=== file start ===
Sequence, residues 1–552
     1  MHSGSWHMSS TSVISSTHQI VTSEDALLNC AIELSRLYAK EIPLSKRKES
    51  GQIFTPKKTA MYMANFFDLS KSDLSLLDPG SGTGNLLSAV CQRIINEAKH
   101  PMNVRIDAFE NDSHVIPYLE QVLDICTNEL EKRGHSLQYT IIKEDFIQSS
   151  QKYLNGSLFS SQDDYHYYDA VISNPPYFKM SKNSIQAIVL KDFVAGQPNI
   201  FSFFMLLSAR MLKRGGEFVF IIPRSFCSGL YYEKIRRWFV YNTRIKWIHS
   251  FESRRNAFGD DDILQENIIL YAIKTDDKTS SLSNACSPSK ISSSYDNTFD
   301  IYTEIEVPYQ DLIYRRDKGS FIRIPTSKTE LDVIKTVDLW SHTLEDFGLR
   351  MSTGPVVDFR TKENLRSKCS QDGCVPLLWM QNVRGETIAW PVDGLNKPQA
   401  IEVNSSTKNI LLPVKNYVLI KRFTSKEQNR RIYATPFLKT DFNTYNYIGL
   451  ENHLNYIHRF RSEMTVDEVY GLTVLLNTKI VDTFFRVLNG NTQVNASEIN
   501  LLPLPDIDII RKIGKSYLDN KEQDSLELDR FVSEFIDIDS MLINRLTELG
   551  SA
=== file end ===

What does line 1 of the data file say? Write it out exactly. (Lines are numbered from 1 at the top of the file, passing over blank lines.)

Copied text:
Sequence, residues 1–552